We had a wonderful ride planned for a BMW MOA rally near Buffalo, NY. The plan was to ride to Connecticut and eat at Mystic Pizza, then spend a day with a buddy riding Cape Cod, then wander up the northeast coast and tool around the Maritime Provinces for a couple of days. Then we'd head west through Maine, New Hampshire, and Vermont, stop and enjoy the rally for a few days, then do the short zip home. However, a couple of days before our scheduled departure, the GT (with well over 100,000 miles on its ticker) started producing voluminous amounts of white, oily smoke from the exhaust. Doh! Fixing that was not going to be quick. So ...

[K1600GTL] Katie had been nagging for quite a while that newer bikes treated the pillion better than did our GT, so we went to a local dealer and made a deal on a BMW K1600GTL, in dark graphite. It has so many capabilities and features, I discover a new one almost every time we ride it. And, it's crazy fast. But, it got us to the NY rally, albeit via a much-reduced ride route. It's out current ride, now, and we'll get many years of use out of it. The GT has been to all 48 lower states, and most of the Canadian provinces -- let's see how quickly the new beast can surpass that.

The Top Ten Cool Things About Having a Motorcycle
That Goes Faster Than the Speed of Light:
      10)  Sleep 'til noon, still get to work by 8:00am!
       9)  Doppler shift makes red traffic lights look green.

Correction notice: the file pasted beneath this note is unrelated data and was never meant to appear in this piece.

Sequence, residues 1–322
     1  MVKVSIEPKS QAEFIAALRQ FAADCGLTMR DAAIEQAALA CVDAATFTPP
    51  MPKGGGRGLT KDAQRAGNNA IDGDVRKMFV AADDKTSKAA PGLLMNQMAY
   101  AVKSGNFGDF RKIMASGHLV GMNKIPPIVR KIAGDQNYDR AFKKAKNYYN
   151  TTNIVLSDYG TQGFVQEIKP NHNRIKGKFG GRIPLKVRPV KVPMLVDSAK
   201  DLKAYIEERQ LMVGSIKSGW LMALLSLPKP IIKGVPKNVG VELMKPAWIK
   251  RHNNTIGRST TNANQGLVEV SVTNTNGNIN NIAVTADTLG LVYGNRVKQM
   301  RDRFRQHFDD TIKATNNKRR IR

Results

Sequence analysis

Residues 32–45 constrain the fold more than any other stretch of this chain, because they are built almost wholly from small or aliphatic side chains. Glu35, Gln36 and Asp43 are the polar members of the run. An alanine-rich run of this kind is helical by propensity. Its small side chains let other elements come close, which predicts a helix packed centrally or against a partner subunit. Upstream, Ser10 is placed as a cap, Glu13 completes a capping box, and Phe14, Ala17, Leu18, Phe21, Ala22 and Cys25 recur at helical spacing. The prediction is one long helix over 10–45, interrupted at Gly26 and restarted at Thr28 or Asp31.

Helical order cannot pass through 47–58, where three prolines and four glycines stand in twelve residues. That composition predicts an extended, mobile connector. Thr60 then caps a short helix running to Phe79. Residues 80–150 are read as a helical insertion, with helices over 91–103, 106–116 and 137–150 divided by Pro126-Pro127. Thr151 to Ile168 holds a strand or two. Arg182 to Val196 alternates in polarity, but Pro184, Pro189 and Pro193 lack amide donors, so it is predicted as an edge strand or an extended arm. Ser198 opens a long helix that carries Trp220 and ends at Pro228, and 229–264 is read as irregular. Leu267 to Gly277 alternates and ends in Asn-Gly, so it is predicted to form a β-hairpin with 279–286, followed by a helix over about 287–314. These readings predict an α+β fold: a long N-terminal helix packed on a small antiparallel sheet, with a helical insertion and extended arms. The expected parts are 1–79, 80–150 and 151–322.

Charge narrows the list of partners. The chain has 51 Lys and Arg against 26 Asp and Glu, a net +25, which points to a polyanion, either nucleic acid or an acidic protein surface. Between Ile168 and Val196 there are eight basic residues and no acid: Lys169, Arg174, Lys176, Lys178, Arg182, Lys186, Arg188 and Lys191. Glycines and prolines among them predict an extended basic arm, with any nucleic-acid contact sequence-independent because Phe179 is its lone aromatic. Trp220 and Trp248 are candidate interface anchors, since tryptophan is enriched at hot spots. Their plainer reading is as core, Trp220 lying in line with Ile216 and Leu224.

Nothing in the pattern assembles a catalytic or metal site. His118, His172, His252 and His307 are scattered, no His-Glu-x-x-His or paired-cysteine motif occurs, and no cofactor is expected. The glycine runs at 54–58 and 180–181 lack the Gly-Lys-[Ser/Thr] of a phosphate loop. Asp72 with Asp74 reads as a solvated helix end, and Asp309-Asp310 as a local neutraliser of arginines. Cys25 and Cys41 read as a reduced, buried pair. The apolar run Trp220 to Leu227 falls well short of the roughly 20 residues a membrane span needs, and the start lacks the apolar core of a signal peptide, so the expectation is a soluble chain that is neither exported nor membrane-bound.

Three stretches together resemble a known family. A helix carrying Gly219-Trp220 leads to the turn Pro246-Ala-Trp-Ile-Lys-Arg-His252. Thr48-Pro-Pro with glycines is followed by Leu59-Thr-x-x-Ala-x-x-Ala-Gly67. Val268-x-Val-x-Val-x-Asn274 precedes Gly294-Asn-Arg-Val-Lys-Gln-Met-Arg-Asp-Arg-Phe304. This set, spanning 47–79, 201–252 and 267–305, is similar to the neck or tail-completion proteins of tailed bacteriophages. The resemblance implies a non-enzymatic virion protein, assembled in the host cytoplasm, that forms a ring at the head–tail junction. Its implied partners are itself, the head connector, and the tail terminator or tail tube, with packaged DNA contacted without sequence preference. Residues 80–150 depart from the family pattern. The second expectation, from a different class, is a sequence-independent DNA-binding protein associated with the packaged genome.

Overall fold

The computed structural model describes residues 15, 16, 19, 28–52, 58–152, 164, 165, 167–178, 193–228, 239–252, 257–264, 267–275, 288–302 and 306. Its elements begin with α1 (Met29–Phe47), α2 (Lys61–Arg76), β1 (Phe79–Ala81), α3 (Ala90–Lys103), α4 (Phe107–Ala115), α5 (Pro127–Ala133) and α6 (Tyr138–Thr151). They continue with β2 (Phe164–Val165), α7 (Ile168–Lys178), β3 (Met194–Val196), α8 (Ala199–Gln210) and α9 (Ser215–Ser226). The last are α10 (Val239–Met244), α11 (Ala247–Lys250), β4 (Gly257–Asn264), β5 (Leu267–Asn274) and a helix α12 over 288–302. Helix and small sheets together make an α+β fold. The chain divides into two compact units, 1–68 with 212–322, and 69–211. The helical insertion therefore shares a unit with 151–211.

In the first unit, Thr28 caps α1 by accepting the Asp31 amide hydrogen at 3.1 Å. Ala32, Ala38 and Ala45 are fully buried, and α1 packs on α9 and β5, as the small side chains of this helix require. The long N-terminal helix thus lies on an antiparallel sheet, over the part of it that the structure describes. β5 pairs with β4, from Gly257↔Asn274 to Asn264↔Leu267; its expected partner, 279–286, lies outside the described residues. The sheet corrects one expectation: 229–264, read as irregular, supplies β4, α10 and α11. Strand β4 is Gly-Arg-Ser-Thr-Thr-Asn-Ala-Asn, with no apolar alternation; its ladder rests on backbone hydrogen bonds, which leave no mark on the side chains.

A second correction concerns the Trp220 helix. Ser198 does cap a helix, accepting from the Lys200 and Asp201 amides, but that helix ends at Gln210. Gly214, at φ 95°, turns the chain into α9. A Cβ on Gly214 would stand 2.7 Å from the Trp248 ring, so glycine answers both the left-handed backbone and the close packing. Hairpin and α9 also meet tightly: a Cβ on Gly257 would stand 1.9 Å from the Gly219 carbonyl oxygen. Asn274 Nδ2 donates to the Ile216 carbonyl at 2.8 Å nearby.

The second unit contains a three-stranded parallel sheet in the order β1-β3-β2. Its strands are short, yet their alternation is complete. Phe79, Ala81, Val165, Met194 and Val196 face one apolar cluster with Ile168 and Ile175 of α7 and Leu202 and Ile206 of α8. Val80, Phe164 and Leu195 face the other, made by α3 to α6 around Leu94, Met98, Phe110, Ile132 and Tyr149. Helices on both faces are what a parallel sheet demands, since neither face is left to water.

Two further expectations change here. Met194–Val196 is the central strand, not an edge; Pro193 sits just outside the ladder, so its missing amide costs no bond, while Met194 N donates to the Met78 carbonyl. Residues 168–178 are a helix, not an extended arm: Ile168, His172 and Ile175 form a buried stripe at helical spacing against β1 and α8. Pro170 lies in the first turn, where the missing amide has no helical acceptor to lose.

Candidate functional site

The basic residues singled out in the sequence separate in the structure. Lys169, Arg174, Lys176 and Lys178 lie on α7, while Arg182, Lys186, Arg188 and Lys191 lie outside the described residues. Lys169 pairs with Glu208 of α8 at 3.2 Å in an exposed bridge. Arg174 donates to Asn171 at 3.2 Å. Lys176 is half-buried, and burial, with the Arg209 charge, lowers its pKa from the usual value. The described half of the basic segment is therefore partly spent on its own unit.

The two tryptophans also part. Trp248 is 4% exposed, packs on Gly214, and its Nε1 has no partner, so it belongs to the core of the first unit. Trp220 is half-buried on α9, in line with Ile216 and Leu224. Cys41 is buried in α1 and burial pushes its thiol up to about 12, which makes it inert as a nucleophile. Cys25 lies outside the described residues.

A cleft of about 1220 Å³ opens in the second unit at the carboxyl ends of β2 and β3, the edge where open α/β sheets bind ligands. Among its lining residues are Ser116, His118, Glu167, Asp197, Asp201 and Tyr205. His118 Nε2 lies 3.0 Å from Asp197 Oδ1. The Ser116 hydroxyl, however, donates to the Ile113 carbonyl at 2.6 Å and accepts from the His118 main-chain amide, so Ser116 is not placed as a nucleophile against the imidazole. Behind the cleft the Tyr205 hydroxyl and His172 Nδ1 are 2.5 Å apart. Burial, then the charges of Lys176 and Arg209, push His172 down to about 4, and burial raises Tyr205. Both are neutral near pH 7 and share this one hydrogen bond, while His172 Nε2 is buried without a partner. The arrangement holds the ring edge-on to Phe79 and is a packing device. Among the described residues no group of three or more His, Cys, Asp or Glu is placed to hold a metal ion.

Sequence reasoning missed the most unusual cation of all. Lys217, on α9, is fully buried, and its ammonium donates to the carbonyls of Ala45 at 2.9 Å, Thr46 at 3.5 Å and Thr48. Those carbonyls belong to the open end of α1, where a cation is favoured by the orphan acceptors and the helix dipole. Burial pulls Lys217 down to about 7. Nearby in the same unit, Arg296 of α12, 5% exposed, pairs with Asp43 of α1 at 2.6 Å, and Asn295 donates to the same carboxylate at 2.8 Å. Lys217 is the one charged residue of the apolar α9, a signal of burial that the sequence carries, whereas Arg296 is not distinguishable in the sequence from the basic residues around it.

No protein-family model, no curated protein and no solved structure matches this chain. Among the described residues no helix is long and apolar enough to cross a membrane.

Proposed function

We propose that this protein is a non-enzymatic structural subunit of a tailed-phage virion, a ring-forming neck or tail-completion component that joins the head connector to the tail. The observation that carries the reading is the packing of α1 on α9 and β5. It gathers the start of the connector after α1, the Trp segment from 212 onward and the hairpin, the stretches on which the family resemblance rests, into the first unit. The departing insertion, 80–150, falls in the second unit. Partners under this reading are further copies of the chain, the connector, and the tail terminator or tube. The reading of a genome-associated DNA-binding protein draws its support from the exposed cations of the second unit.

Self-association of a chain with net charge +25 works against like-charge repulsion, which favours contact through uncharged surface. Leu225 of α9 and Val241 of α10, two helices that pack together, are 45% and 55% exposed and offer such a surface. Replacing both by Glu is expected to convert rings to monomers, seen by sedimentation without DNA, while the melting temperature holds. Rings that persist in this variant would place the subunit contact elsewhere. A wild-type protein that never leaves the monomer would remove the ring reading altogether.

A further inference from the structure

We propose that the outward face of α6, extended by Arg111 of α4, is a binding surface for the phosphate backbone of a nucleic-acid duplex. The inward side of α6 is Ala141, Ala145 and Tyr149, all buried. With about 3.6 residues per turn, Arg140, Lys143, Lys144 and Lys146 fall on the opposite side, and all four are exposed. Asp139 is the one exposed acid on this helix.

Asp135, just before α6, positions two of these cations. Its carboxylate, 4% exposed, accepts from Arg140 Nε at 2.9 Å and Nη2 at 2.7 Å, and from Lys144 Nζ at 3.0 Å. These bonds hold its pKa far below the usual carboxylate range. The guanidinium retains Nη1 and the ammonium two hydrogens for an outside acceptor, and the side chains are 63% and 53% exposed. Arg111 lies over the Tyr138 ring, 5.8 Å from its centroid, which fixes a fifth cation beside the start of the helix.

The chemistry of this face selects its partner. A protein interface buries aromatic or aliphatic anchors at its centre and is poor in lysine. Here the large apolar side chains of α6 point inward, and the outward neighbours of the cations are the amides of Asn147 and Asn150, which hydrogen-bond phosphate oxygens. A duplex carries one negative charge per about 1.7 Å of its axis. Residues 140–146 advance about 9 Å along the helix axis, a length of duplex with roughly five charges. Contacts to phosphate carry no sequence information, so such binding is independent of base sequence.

8)  Breaking the laws of physics is only a misdemeanor
           in most states.
       7)  You'll be so thin while riding that you can even
           wear horizontal stripes.
       6)  That deer in your headlights is actually behind
       5)  Traffic enforcement is limited to cops with PhD's
           in quantum mechanics.
       4)  You can make a fortune delivering pizza with the
           slogan, "It's there before you order or it's free!"
       3)  Your custom license plate reads:  Me = mc2
       2)  Cigarette butts don't hit your helmet-- they land
           in last week!
And The Number-One Cool Thing About Having a Motorcycle
That Goes Faster Than the Speed Of Light Is ...
       1)  Stephen Hawking keeps bugging you for a ride!

The rest of this page consists of some links that we check out when surfing, but of course you're free to use them as well.

[AMA logo]

[At Mt Rushmore]
Hmm ... still room for Reagan :-)
[BMW logo] [Sign on the BRP]
Watch for UFOs beaming up riders

Miscellaneous Motorcycles Sites

Fora: Riding Clubs: BMW Stuff: General: Dealers:

[On I-5 in Seattle]
On I-5 in Seattle

[Loneliest Road]

[Just north of New Orleans]
Just north of New Orleans

A cold, early March ride

[Southern-Most Point]
All the way south

[Blue Ridge Parkway]
Across the mountaintops

[Nice sign (not my pic)]
Nice sign (not my pic)

[K-RAD license plate]


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Copyright © MMXVII by William K. Brummett. All rights reserved.